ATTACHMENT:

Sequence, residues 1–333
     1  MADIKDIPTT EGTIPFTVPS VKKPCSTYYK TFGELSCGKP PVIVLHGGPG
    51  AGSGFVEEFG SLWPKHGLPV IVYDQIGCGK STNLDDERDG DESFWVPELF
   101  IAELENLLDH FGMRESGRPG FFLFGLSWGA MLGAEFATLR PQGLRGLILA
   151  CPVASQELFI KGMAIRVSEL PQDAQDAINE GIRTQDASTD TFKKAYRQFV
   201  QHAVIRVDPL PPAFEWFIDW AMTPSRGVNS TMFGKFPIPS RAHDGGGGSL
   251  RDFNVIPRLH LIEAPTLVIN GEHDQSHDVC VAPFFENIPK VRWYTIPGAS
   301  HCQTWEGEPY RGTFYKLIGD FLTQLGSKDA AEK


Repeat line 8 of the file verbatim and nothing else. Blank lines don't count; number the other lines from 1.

   301  HCQTWEGEPY RGTFYKLIGD FLTQLGSKDA AEK